Budapest, March 6 (MTI) – Hungary’s voters expect “straightforward and clear” responses to “each attack” directed at the government, Prime Minister Viktor Orban said on public Kossuth Radio on Friday morning.

Orban said he thought the current government cycle will see “much more” political struggles than the previous term, and suggested that he was ready to fight those battles.

Concerning a recent by-election in western Hungary’s Veszprem, Orban said that a part of the electorate are dissatisfied with the government, but added that it is not clear why. “They probably want more consultations, slower decision making,” he said, adding that “we need to fight better”. He also added that the government can continue doing its job without a two-thirds majority, which the ruling parties lost in the Veszprem election, but will consult with the opposition whenever necessary. For example, he mentioned Hungary’s possible participation in a military mission in Kurdistan. “It will turn out in the next few days if we can ensure a two-thirds majority” necessary to pass the government-initiated motion, he said.

On the subject of a recent fraud scandal around brokerage firm Buda-Cash, the prime minister called for urgent audits with similar companies “to clear up that mess”. The government is in consultations with the banking association and the central bank on changes to tighten relevant rules, he said. He warned that “the most important question, where are the funds of depositors, should not be forgotten”.

“If I were in control of justice, all those (perpetrators) would already be in prison by now,” Orban said, but added that the government cannot give instructions to the judicial system.

Referring to local governments impacted by the Buda-Cash affair, Orban said it would be reasonable if municipalities had their accounts with the state treasury, and called for efforts to speed up the treasury’s reform.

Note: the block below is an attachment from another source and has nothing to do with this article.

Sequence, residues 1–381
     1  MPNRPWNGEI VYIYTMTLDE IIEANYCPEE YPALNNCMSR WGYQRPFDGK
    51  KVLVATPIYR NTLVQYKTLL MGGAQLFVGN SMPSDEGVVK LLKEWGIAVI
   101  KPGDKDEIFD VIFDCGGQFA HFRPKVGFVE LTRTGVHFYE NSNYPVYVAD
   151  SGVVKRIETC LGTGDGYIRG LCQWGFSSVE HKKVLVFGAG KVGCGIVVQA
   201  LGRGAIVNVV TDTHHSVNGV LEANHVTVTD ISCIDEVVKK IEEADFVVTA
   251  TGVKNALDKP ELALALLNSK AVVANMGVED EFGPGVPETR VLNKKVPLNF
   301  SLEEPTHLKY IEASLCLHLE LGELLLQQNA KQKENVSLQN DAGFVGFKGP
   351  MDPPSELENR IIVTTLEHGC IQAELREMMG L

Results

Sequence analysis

On another subject, Orban said that parliament’s economic committee had discussed changes to the advertisement tax as suggested by the European Union, adding that “the bullet is in the barrel”. Orban also referred to a possibility of exempting small firms from the ad tax, calling it a “serious suggestion”, but insisted that a practice of scrapping an otherwise reasonable tax due to strong resistance should not be allowed or else the revenues should be collected from less-resistant Hungarians.

Consultations concerning changes to the primary education system are still under way, Orban said. He insisted that a reform is necessary because “large numbers of children leave (primary) school unprepared for secondary school studies”.

Concerning the planned free trade agreement between the United States and the European Union, Orban said he would not support any deal under which economic disputes would be “referred to some remote arbitration court” rather than being governed by the Hungarian legal system.

Photo: MTI


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